He that dwelleth in God, and God in him (1 John_4:16)
In a thoughtful book I came across a striking suggestion about Jesus. It is that the question He is always asking is, “Have you tried the way of love?” His teaching was infinitely varied and exquisitely adapted to the moment. He couched it in a hundred forms according to the demand of the occasion. But the question He was always asking, and which He is always asking still, is, Have you tried the way of love? There is nothing radically new in this, for love is native to the human heart. In the dimmest past and in the darkest spot some spark of love is found. The glory of Jesus is that He brought love to light as He brought immortality to light and proclaimed its application everywhere. The worth and wonder of love was not a new thing in the world when Jesus came. It is embedded in every great literature and freely recognized in the Old Testament. What Jesus did was to exalt it into a compelling and universal motive applicable to the whole of life. Others had bidden us to love our friends; Jesus made us love our enemies. His followers are not to love selected souls; they are to walk in love. With difficult people, with all who irritate us, with those we can scarcely think of without bitterness, Jesus always confronts us with the question, Have you tried the way of love?
Justice of the Old Testament Transcended
It is there He so transcends the older Covenant which He came not to destroy but to fulfill. For the question of the Old Testament is this, Have you tried the way of justice? There is a great deal of love in the Old Testament, but love is not yet upon the throne. Love is like the dawn in the Old Testament; it is not yet in the middle heaven of noonday. The moral glory of the older Covenant is not its passionate insistence upon love, but its passionate insistence upon justice. Instead of wild and unrestrained revenge, it enforced an equal retribution. If a man lost an eye he might demand an eye; if a tooth, he might demand a tooth. Right through the law of Moses and the prophets, and on to the Baptist’s preaching in the wilderness, there is one long cry for social justice. Then came Jesus, and the cry for justice was transcended in the cry for love. He says to the man embittered by his blinding, Have you tried the way of love? And He means that by the way of love something more is gained than retribution, for the enemy is turned into a friend. For conquering enemies and settling problems, Jesus believed in love alone. Love to Him was the universal solvent of the injuries and injustices of life. We may smile at that and call it idle dreaming—”Behold, this dreamer cometh.” But for the Lord it was “the only way.”
It is notable that Jesus never defines love just as He never seeks to define faith. These monosyllables reach the heart of things, and in the heart lies their interpretation. But no one can read the sayings of our Lord, nor recall His training in the home of Nazareth, without recognizing that His thought of love was colored by the relationships of home. To Him nothing was more heavenly than the love which He had found in family circles with its understanding and forebearance, its quiet self-forgetfulness and sacrifice. Like golden threads there runs through all His teaching tender memories of the humble home at Nazareth where love reigned, illuminating poverty and triumphing over every household jar. That was what love meant for Jesus. He wanted to universalize the home. Get that spirit to reign in the broad world, and the wilderness would blossom as the rose. In the quick, instinctive sympathy of home, in its patience and understanding and self-sacrifice, there lay the key for the sweetening and transfiguring of every relationship of life. To try the way of love, for Jesus, meant to try everywhere the way of home. In the family it had been gloriously successful—why not in other relationships as well? The pity was men were afraid to try it, as they are mostly afraid up to this present hour—as if justice could ever suffer where love reigns.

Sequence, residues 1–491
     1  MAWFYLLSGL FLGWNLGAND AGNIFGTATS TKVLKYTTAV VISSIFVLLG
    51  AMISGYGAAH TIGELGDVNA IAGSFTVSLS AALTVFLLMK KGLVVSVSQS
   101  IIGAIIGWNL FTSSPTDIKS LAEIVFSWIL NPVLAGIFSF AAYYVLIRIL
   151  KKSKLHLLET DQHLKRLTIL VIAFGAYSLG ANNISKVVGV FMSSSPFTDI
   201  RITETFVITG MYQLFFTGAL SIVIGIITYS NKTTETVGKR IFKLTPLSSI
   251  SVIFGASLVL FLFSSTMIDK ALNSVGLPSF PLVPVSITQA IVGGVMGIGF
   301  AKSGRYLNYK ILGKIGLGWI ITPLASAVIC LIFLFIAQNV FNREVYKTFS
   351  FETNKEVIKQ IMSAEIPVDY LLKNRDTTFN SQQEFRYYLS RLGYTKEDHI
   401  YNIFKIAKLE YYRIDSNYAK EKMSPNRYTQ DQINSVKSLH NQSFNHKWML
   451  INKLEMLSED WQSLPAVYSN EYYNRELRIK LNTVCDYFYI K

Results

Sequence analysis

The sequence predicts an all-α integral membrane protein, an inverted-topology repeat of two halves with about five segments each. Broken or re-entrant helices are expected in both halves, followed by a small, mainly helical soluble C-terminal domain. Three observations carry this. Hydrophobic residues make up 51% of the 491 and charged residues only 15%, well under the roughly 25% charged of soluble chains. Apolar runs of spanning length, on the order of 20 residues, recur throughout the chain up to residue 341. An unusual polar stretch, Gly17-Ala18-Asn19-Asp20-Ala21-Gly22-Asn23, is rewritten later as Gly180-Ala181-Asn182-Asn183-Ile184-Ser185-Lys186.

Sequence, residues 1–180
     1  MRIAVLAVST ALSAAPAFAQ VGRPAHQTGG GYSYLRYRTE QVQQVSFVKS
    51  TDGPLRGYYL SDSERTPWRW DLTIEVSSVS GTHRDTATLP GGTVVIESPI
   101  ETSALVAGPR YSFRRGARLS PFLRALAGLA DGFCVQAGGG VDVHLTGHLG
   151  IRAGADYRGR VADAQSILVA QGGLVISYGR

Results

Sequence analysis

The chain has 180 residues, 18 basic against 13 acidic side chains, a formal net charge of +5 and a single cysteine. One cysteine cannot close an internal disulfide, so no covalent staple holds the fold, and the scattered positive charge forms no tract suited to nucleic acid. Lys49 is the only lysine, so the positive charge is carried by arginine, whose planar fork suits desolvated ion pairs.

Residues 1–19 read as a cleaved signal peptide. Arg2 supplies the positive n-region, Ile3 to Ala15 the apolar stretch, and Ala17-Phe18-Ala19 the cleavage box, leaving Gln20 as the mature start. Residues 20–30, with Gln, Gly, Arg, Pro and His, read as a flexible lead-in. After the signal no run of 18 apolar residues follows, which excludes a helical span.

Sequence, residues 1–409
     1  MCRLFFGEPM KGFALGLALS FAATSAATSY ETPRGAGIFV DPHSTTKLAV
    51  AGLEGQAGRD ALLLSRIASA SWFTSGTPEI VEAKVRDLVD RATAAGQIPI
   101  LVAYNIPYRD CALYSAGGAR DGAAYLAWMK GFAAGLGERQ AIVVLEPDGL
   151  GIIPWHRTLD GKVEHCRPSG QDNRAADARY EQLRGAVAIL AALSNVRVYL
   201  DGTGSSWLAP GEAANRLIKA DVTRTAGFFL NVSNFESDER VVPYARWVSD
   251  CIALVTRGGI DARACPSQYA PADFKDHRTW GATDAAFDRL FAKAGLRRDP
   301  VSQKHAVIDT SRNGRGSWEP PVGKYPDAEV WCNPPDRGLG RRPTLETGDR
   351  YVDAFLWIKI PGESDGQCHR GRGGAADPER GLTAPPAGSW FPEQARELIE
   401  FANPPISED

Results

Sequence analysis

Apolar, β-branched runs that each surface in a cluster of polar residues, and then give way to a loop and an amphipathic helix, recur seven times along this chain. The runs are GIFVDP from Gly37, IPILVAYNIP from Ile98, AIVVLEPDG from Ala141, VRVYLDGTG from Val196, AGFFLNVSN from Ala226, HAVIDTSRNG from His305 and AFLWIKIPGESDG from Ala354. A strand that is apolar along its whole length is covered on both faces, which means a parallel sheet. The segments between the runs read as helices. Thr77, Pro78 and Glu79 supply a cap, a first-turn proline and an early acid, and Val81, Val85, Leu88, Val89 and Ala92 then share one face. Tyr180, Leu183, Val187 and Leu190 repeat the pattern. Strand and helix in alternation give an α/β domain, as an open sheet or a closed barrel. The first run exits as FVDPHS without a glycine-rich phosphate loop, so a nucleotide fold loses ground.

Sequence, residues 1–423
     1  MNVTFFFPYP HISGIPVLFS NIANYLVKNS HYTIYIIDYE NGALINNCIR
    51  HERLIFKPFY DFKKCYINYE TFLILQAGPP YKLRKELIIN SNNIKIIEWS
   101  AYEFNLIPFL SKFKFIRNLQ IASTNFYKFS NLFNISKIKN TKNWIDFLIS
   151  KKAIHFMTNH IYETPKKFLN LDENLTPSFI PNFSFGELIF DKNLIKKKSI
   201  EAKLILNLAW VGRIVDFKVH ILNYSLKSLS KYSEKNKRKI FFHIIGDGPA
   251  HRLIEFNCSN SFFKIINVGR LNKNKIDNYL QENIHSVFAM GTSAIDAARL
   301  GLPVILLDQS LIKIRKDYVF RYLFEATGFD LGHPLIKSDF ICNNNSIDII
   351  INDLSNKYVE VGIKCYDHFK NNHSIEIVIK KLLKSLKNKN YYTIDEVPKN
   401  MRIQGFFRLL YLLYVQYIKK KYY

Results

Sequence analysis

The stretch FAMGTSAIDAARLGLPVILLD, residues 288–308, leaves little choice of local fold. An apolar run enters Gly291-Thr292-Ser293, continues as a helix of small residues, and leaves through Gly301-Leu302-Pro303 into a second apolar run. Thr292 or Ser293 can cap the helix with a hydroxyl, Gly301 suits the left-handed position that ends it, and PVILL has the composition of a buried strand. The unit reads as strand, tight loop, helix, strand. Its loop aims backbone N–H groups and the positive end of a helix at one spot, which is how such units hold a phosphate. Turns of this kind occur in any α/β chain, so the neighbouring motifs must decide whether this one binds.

But if love was colored by the hues of home, our Lord’s insistence was not based on that. He called on men to try the way of love because He knew it was the way of God. He found that as he wandered in the fields—did not the rain fall on the evil and the good? Did God withhold His sunshine from the sinner on the strict and narrow plea of retribution? He found that in Himself sent in the very lavishness of love, for God so loved the world. For Jesus, love was not an attribute of God; it was the depth and center of His being. God was not fatherly; He was a Father, loving His children as a father does. His perfection was not a rigid justice, but an infinitely loving heart—and we are to be perfect even as He is. That was why Jesus was so daring, though all the world might reckon Him a dreamer. To Him the way of love was God’s way, and God’s way is the only way. Undeterred by the mockeries of men and resolute in “the foolishness of God,” He confronts our broken world today, still asking, “Have you tried the way of love?”
source : e-Sword